Are You Walking the Walk?
What do exercise and eating better have to do with innovation? All three are talked about extensively and effusively, and the follow through on all three is dismal. There is a lot of innovation talk, and very little innovation walk.
While innovation used to flourish in good times, companies flush with cash able to experiment and attempt to develop new products and services outside of their comfort zone, for some reason I feel we are entering a new stage of business, one where no matter if the times are good or bad, we expect bad times right around the corner, so we buckle down and focus on maintaining cash reserves, some of which can be used to create new and innovative products.
Apple, among others, are keeping billions on hand for some phantom near future disaster, instead of developing innovative new products (although many would argue with me that the iPhone X is innovative – it is, but to a point). Companies who should be taking this economic upturn as a sign to invest in innovation, are instead making the decisions to cut back on non-core innovation -–and focus on incremental or “core” innovation, focused on growing, or making your core business, more profitable.
Instead of leveraging these good times to develop the next set of products and services that your company will rely on, companies are using these resources to bolster their core business, not even understanding that their core business may no longer be there in 2-7 years.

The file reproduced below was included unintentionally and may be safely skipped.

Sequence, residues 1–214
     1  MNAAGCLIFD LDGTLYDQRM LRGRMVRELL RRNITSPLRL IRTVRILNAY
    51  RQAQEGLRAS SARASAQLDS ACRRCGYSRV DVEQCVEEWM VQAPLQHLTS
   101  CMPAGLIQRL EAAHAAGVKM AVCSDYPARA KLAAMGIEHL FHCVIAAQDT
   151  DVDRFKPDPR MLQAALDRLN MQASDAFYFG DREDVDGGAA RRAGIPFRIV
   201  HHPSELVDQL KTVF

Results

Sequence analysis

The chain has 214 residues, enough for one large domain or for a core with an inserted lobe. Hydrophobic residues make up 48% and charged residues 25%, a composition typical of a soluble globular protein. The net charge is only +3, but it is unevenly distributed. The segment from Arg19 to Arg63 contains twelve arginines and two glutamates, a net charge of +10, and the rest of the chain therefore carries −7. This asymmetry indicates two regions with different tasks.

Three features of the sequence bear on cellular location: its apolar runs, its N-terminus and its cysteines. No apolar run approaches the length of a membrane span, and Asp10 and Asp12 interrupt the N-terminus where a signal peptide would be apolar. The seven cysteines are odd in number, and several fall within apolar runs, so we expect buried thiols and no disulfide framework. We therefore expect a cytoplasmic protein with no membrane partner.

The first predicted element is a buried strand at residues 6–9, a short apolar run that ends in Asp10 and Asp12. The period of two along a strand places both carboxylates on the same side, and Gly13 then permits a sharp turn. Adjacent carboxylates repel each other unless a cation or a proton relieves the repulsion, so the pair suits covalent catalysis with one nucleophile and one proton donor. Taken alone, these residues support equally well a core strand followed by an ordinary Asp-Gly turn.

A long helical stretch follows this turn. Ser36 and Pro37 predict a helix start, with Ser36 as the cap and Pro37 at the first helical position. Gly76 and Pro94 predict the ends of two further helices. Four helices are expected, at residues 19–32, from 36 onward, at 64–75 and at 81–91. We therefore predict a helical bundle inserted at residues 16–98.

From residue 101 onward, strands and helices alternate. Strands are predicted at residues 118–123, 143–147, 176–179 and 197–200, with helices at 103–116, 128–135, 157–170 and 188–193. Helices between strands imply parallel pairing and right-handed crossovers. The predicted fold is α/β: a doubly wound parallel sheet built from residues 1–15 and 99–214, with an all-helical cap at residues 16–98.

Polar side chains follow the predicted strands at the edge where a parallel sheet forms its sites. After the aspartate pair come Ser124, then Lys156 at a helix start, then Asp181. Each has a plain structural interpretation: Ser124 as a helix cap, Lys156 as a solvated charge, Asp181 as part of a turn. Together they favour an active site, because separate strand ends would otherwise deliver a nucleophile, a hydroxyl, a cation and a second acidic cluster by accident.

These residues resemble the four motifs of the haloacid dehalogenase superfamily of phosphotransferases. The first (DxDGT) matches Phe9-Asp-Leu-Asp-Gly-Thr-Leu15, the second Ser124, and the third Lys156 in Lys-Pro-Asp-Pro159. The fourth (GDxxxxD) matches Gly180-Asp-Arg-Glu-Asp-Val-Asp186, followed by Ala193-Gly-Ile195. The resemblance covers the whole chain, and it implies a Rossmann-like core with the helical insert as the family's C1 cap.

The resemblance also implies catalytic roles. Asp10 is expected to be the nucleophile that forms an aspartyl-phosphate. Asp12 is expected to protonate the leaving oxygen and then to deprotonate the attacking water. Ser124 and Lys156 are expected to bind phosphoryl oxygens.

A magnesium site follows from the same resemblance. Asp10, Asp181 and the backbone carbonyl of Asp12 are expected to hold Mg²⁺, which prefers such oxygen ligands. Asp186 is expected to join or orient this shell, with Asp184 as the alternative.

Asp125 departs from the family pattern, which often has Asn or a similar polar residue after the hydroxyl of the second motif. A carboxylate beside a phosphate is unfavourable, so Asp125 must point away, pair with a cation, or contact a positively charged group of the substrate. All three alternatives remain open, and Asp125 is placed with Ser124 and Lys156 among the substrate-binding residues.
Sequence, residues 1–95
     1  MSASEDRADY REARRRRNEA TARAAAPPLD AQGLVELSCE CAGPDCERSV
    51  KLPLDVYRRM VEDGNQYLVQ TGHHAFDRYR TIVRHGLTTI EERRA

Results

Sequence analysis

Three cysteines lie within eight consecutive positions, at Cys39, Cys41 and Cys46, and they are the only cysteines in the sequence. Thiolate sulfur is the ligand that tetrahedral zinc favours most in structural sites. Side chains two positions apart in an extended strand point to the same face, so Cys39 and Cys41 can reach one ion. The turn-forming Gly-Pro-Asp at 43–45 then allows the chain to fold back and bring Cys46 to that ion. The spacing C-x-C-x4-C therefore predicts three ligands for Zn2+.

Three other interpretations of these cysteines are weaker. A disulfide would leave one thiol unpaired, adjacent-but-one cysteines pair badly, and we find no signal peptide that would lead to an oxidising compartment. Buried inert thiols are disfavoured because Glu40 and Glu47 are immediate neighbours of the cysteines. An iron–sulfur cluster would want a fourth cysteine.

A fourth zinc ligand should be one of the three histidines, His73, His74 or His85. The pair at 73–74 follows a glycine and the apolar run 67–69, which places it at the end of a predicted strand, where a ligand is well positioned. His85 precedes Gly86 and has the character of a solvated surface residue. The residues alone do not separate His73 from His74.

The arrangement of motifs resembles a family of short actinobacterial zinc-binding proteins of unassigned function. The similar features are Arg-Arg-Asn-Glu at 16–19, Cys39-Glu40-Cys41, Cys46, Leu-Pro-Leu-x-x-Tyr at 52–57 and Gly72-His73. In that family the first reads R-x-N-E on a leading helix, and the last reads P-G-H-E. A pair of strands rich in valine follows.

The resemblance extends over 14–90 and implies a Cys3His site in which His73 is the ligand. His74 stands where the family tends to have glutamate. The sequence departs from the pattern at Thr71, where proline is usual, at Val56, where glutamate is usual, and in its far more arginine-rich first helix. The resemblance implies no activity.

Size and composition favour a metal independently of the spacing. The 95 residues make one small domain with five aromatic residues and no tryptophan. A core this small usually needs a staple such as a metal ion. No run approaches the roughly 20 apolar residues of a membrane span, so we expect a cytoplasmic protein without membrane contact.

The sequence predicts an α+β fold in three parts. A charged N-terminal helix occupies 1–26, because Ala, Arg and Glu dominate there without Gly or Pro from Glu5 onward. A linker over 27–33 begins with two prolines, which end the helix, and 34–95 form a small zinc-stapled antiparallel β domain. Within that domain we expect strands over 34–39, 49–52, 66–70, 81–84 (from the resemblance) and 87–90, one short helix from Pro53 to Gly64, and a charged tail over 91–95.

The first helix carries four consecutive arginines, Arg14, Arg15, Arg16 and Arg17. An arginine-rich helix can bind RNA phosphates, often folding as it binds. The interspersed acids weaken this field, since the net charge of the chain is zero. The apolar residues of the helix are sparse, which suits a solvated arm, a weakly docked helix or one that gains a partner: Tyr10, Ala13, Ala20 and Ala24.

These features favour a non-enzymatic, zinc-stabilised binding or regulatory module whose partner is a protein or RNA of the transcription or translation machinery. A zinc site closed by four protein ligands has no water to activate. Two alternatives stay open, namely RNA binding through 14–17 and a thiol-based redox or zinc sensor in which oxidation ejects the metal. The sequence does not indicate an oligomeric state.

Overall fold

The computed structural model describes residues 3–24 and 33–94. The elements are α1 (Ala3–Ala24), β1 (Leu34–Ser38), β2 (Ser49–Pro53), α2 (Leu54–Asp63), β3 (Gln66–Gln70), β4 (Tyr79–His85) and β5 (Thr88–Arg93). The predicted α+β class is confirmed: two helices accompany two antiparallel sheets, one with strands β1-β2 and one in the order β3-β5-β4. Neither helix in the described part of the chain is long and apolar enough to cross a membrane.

Visionary companies like Google, Amazon and Facebook understand that they cannot rely on their core business forever – they are leveraging these good times to expand into even more market segments, probing for new products and services, and driving innovation.
However, you need not be Google to take advantage of these times to generate your next core business. All is needed is to walk the talk of innovation – generate ideas, yes, but develop a go-to-market strategy for any of those ideas which are worthy enough to get into the marketplace.
Even those cool and interesting ideas which may not be profitable on the surface, may end up delivering much more for your company – a steady flow of interesting new features, products and services released into the marketplace can do wonders for your investors, your customers, and your recruiting efforts.
Who doesn’t want to work in a place which generates, builds, and launches interesting new products?
We all got burned in 2008, I get that. But we cannot live in fear of it happening again forever. We are so concerned that something like that may happen again soon that we are actively shutting down efforts (like patent development programs) which typically thrive during these times.
Now is the time to take stock – you consider the mirror and decide – am I being too cautious? Should I loosen up the purse strings, just a little, and just do some more experimenting outside of our core, just to see what happens? Have we fallen into the trap of plenty of innovation talk, with very little innovation walk?